As demonstrated in Fig. 2, physical health in this cohort was markedly lower than in the general US population, with the mean PCS score of 36.3 (SD=9.8). In contrast, mental health was comparable with the general US population, with the mean MCS score of 51.2 (SD= 10.8). SF-36 subscale scores for physical functioning, role physical, and general health and vitality were the most impacted domains, with mean scores in the lower half of the scale range (Fig. 3).

Fig. 2
figure 2

Baseline SF-36 summary component score means in the overall cohort, n=4398. Note: SF-36 summary scores are norm-based, with an average of 50 (SD=10) for the general US population. Error bars reflect standard deviations

Fig. 3
figure 3

SF-36 subscale scores in the overall cohort, n=4398. Note: SF-36 subscale scores range from 0-100, with higher scores indicating better health

Both summary component scores, MCS and PCS, showed a significant negative dose-response relationship with mMRC scores, reflecting worse health status with greater dyspnea (p<.0001 for both component summary scores) (Fig. 4A). Across all dyspnea grades, physical health had greater impairment than mental health. Similarly, both MCS and PCS mean scores demonstrated a dose-response association with the frequency of exacerbations at baseline (Supplemental Figure 1). Higher number of exacerbations reported at baseline was significantly associated with worse MCS and PCS scores (p<.0001 for both comparisons) (Fig. 4B). Subscales reflecting general health, vitality, and physical functioning were the most impacted domains by exacerbations (Supplemental Figure 1). We observed significantly better physical health (p<.0001) and better mental health (p=0.0034) in people who do not report using oxygen regularly, compared to those who do (Fig. 4C). Those on regular oxygen had markedly lower physical functioning and role limitations due to physical problems compared to those not on oxygen (Supplemental Figure 2). Similarly, individuals reporting daily productive cough for at least 3 months each year over the past 2 years had significantly lower physical and mental health status compared to those with no cough (p<.0001 for both scores comparison) (Fig. 4D). General health and physical functioning were the most impaired domains in those with productive cough (Supplemental Figure 2).

Fig. 4
figure 4

SF-36 summary scores by clinical characteristics- A) mMRC score, B) number of exacerbations at baseline, C) use of oxygen and D) having productive cough with sputum. Note: MCS, mental summary score, and PCS, physical summary score: mean 50 (SD=10) in the general US population. P<0.0001 for comparison of mean MCS and PCS scores by mMRC, frequency of exacerbations, and productive cough. P=0.0034 for comparison of mean MCS and <.0001 for mean PCS scores by use of oxygen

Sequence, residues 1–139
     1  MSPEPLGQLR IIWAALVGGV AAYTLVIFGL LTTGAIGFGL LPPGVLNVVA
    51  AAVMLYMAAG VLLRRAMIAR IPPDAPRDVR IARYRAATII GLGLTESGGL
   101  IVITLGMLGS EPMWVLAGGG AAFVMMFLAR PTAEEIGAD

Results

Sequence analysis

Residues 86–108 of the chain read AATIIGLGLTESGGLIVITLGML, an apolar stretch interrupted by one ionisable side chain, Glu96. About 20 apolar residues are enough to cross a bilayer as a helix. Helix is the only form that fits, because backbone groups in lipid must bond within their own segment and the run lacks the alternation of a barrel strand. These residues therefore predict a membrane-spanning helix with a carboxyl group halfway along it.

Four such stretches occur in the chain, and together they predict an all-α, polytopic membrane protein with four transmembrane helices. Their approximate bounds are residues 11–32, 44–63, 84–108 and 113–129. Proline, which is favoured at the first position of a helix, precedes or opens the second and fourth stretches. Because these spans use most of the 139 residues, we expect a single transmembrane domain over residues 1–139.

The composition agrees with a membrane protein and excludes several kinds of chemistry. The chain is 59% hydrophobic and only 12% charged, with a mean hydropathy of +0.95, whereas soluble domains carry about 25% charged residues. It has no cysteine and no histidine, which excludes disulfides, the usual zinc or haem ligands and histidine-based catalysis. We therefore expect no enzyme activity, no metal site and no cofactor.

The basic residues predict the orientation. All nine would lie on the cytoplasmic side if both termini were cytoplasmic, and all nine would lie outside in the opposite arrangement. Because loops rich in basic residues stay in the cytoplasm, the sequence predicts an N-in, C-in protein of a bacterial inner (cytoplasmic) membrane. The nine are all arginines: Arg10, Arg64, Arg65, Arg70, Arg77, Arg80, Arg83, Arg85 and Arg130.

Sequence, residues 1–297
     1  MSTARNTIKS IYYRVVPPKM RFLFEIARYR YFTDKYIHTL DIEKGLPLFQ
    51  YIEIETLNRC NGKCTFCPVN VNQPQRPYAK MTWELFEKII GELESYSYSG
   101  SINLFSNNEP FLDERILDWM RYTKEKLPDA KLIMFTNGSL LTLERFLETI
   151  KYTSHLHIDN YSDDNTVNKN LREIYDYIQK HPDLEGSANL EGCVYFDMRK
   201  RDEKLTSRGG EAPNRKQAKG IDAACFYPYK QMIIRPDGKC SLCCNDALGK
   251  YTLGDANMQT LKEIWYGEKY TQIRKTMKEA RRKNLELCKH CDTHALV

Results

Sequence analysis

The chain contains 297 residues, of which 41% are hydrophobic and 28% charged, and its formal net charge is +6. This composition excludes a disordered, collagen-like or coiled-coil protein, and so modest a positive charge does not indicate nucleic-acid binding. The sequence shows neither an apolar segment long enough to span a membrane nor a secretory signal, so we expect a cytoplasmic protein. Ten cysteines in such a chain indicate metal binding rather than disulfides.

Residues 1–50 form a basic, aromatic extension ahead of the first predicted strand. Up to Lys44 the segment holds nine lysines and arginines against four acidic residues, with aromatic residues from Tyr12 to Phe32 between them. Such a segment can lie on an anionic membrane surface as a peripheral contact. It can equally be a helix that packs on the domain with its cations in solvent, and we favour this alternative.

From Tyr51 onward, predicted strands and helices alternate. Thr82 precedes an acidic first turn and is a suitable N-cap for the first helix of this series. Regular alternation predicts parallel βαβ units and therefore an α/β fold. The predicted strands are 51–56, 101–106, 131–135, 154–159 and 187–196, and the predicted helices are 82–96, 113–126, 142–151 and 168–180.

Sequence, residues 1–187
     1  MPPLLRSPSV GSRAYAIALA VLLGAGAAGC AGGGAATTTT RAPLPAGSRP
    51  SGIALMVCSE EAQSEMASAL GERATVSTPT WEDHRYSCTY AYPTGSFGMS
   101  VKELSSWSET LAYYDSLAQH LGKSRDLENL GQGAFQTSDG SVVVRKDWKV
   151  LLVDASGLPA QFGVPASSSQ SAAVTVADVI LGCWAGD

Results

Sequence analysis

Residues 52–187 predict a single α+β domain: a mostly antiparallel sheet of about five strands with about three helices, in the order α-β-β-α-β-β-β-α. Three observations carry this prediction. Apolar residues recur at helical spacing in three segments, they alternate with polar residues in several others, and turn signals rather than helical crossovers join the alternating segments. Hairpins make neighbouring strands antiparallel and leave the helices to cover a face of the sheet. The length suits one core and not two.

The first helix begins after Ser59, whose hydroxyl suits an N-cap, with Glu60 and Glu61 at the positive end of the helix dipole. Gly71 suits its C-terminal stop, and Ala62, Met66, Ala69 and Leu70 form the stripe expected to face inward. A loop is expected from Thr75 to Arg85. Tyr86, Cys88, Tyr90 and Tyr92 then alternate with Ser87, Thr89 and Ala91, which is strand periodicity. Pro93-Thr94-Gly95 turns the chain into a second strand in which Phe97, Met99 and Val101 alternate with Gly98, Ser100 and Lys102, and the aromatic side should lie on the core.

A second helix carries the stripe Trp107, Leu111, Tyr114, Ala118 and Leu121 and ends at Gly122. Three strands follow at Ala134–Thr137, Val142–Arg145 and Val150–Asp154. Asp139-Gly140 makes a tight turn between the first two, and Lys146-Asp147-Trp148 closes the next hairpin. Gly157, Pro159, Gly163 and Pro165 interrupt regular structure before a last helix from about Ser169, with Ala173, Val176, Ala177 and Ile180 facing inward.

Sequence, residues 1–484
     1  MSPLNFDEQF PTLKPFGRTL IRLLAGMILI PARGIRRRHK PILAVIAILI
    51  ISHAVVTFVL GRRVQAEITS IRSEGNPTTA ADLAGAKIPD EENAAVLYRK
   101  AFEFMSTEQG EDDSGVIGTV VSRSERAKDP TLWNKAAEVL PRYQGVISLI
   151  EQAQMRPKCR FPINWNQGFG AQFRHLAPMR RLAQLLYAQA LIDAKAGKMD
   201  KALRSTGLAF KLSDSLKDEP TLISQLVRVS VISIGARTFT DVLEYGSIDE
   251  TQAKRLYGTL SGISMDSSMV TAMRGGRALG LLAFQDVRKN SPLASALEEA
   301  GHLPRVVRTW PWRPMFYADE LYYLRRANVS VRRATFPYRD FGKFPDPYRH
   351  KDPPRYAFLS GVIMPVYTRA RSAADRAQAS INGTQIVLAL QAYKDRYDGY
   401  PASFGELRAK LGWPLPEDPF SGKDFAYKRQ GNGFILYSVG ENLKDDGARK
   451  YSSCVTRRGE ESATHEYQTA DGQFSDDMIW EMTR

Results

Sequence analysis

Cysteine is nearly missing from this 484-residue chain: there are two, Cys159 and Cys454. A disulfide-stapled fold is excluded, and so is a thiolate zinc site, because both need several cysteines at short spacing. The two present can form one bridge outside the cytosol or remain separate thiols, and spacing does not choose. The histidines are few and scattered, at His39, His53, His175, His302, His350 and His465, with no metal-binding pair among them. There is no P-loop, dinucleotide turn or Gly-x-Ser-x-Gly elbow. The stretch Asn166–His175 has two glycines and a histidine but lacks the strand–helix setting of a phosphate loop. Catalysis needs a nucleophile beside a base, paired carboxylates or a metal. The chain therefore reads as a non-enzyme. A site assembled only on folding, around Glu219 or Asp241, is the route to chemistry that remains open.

As shown in Fig. 5, age had a positive dose-response relationship with MCS and PCS; older age was associated with better quality of life (p<.0001 for MCS and p=0.0040 for PCS). There was no difference in physical health status by sex and slightly better mental health status in women (p=0.0318) (Fig. 5). Older participants had better SF-36 scores in all subscales except for physical functioning, which was not different across the age groups. There was no difference in mental or physical subscale scores between males and females. (Supplemental Figure 3). In addition, we observed comparable MCS and PCS scores across Alpha1 variants with no dose-response relationship by genotype severity (Table 1).

Fig. 5
figure 5

SF-36 summary scores by demographic characteristics – A) age and B) sex. Note: MCS, mental summary score, and PCS, physical summary score: mean 50 (SD=10) in the general US population. P<0.0001 for comparison of mean MCS scores and P=0.0040 for comparison of mean PCS scores across age groups. No significant difference in MCS and PCS scores by sex

In univariate analyses, all a priori selected variables were significantly associated with MCS and PCS scores, except for sex, which was not a significant determinant of PCS score (Table 2). Multivariable regression models for MCS and PCS included predictors significantly associated with each score in univariate analyses (Table 3). In the adjusted model, all variables except for regular use of oxygen were significantly associated with MCS score. PCS score was associated with mMRC score, frequency of exacerbations, regular use of oxygen, and productive cough. Age was not significantly associated with PCS score adjusted for other covariates in the model. Overall, based on the adjusted regression coefficients, the effects of covariates were generally attenuated compared to the univariate models (Tables 2 and 3).

Table 2 Univariate associations between demographic and clinical characteristics and MCS and PCS of SF-36
Table 3 Multivariable associations between demographic and clinical characteristics and MCS and PCS of SF-36